Windows 7, 8.1 will get Monthly Update Rollups from October 2016

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Microsoft has changed the manner in which it pushes security and reliability updates to Windows 7 and 8.1. Starting from October 2016, the company will roll out Monthly Rollups for security and reliability issues, following users’ feedback.

If you haven’t upgraded to Windows 10, rest assured Microsoft still has your back. The tech giant implemented the Convenience Rollup for Windows 7 back in May, and has now changed the way it releases multiple patches for Windows 7 and 8.1.

The new rollup model allows Microsoft to simplify the servicing experience for Windows 7 and 8.1, and implement a similar update servicing model for all its OS versions. This means that users will manage fewer updates, and it will be easier for them to keep their systems updated.

A single Monthly Rollup eliminates update fragmentation, providing more proactive patches for known issues. As usual, the Monthly Rollup will be available via Windows Update, WSUS, SCCM, and the Microsoft Update Catalog.

From October 2016 onwards, Windows will release a single Monthly Rollup that addresses both security issues and reliability issues in a single update. […] Each month’s rollup will supersede the previous month’s rollup, so there will always be only one update required for your Windows PCs to get current. i.e. a Monthly Rollup in October 2016 will include all updates for October, while November 2016 will include October and November updates, and so on. Devices that have this rollup installed from Windows Update or WSUS will utilize express packages, keeping the monthly download size small.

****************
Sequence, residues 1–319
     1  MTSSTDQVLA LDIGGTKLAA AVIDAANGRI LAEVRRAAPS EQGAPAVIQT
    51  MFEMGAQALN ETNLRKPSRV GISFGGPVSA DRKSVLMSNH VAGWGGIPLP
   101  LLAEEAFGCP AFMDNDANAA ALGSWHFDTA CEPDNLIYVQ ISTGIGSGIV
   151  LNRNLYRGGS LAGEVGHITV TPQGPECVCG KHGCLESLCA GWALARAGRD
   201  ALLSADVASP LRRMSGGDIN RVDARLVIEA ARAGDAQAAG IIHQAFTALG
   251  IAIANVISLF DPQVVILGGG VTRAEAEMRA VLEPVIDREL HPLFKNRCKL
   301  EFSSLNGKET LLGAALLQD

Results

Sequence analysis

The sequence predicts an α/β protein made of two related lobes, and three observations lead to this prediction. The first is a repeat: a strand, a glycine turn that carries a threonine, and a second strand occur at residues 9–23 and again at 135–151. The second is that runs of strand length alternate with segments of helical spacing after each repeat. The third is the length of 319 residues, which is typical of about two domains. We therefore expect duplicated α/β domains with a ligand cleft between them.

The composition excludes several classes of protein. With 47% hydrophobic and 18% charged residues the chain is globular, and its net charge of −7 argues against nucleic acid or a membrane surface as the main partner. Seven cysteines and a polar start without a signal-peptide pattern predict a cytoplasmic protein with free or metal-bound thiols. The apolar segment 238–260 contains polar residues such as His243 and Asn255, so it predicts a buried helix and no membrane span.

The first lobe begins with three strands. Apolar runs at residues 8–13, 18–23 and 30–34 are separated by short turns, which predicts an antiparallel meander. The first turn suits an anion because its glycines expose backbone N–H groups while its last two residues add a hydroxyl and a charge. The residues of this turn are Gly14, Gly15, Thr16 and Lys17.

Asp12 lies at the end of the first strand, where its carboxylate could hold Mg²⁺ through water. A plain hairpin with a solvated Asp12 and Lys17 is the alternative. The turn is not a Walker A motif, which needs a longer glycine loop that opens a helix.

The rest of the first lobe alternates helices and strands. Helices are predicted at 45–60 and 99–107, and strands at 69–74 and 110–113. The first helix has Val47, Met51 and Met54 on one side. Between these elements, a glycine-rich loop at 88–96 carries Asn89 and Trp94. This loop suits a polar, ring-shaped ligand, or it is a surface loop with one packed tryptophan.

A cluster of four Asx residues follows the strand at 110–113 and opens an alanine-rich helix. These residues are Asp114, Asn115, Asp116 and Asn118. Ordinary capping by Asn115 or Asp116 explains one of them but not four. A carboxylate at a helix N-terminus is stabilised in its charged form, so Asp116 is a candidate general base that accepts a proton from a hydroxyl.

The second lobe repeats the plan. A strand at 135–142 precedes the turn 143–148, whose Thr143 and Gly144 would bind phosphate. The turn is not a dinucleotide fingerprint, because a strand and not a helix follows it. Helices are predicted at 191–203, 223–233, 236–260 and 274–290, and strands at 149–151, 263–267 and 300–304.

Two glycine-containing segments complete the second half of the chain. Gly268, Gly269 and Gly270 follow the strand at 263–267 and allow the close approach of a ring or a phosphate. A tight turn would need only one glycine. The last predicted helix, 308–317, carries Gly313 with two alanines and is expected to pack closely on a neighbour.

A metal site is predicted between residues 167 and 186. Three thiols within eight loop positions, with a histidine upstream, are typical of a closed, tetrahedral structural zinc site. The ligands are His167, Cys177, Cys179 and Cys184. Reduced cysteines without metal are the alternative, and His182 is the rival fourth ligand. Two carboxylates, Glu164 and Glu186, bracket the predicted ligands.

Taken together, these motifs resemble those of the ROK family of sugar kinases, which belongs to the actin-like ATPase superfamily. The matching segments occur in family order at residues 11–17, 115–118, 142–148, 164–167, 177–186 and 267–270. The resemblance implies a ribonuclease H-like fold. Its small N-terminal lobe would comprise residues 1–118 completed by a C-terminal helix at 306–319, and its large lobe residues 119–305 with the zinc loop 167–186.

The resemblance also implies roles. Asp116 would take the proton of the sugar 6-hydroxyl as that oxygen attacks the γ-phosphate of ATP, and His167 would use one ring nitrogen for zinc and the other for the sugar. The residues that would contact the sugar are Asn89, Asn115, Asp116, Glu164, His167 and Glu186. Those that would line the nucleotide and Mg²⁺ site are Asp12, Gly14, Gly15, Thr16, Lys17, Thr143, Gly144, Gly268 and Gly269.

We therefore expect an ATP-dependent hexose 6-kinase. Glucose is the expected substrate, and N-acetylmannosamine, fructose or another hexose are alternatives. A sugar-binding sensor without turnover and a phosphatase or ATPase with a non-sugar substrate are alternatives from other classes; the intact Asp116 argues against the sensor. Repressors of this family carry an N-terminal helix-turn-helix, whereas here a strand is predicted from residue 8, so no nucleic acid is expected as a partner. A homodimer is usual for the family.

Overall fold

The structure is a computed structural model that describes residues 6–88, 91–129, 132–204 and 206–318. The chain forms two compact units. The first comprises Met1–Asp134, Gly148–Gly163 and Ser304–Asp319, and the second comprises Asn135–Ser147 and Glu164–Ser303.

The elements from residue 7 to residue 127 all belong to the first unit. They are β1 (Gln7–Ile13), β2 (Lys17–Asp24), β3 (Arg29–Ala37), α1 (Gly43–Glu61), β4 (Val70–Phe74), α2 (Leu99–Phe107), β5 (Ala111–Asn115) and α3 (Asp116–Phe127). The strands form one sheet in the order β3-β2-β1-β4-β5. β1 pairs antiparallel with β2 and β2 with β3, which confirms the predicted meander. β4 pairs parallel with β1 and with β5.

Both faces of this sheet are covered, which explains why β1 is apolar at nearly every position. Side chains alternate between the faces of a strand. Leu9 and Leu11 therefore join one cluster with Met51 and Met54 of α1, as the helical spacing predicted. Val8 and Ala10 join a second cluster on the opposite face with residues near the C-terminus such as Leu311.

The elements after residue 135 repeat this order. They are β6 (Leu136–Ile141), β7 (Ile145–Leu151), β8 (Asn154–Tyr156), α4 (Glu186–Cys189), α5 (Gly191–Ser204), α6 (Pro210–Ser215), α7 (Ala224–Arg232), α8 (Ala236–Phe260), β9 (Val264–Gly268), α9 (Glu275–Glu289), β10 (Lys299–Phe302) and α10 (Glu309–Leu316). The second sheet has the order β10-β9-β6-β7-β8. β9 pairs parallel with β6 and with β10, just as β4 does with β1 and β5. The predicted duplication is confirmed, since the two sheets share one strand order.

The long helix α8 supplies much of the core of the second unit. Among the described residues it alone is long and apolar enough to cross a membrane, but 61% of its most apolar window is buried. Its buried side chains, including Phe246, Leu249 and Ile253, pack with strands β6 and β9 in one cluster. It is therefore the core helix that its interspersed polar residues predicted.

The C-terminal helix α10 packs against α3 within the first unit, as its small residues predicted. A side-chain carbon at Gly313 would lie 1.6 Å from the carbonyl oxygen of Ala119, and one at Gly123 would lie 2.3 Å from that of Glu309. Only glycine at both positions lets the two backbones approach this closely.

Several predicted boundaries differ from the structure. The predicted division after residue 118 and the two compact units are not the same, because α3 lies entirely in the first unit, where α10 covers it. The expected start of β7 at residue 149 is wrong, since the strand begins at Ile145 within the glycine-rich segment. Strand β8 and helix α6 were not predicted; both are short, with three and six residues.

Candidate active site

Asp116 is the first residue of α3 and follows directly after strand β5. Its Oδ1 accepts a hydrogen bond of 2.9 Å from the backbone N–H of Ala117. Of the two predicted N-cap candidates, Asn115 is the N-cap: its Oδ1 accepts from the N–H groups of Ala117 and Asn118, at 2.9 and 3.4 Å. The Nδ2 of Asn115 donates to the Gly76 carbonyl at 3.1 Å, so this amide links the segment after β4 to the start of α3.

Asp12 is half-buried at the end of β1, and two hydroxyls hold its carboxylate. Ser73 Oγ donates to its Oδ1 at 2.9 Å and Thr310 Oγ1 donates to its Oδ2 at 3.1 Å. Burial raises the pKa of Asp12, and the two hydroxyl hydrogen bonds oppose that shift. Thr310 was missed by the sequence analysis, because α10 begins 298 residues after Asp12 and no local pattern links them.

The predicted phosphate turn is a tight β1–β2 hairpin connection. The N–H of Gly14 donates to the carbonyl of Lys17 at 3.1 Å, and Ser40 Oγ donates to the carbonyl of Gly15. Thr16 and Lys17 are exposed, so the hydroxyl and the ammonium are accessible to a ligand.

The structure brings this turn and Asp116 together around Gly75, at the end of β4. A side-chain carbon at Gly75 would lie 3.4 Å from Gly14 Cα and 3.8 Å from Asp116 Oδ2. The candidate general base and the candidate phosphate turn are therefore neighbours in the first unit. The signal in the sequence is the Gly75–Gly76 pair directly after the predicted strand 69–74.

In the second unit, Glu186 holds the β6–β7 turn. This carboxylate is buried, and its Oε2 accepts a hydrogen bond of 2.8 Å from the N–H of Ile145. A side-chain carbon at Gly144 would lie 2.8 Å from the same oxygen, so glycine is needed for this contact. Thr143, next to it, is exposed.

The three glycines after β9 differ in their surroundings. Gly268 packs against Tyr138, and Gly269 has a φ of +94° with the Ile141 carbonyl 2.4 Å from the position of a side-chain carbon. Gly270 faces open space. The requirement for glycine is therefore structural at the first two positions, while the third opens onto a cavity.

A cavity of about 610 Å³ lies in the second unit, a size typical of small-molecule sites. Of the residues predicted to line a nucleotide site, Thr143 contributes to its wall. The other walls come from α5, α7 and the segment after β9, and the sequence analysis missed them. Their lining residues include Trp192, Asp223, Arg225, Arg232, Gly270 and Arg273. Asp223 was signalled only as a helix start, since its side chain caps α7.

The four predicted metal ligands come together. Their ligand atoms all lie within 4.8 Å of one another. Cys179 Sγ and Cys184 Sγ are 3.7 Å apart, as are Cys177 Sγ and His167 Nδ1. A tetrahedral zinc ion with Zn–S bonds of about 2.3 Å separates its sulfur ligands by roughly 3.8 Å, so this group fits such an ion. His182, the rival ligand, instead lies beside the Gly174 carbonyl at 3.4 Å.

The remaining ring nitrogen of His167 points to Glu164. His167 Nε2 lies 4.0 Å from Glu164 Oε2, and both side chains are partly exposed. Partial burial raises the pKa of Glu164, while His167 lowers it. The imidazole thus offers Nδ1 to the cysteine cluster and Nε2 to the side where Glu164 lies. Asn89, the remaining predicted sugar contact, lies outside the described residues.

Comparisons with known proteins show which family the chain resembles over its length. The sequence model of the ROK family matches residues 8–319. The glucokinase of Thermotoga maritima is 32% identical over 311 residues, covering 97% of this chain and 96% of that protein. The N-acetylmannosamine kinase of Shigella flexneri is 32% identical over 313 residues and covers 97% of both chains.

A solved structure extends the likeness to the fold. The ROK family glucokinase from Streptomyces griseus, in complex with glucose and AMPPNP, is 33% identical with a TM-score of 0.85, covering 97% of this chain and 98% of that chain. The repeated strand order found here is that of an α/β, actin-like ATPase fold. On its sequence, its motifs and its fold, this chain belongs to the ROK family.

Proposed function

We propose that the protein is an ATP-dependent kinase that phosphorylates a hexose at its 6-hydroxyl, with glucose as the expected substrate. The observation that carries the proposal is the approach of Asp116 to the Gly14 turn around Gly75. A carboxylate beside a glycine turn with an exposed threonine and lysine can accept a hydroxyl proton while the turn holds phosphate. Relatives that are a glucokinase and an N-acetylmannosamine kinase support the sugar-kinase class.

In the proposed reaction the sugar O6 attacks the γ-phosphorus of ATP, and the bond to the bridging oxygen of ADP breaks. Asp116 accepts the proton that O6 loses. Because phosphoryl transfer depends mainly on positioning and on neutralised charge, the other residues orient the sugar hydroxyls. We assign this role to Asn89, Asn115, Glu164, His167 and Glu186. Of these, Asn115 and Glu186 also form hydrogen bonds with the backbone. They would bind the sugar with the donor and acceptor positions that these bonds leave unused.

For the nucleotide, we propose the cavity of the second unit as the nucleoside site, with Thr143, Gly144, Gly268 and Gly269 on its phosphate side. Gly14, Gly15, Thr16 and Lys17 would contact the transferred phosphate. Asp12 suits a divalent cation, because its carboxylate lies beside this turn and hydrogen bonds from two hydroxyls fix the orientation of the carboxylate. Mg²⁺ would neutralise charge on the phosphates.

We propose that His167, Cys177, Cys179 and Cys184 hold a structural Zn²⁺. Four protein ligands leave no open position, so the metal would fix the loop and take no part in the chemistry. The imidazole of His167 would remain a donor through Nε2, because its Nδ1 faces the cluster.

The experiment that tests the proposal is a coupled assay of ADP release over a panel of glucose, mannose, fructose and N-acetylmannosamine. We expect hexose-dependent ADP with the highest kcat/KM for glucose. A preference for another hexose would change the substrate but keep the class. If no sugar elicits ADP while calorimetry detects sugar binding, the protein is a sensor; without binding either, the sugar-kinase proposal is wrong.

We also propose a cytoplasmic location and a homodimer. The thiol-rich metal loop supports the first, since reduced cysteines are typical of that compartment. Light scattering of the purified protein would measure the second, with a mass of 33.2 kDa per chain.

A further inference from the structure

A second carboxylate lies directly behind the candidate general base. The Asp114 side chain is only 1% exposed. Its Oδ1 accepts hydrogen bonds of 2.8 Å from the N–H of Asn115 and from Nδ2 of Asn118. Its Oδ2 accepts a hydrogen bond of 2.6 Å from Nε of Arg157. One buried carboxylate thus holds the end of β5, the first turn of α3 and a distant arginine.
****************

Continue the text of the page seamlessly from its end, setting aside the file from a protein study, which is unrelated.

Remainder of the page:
Microsoft’s plans don’t end here as the tech giant is also intending to proactively add patches to the Monthly Rollups  released in the past. The end goal is to include all of the patches released in the past since the last baseline, so that the Monthly Rollup becomes fully cumulative. In this manner, users only need to install the latest single rollup to keep their computers fully up to date.

Speaking of updates, makes sure you’ve downloaded the latest cumulative updates recently rolled out to Windows 7, 8.1 and Windows 10. You can learn more about these updates from our articles:

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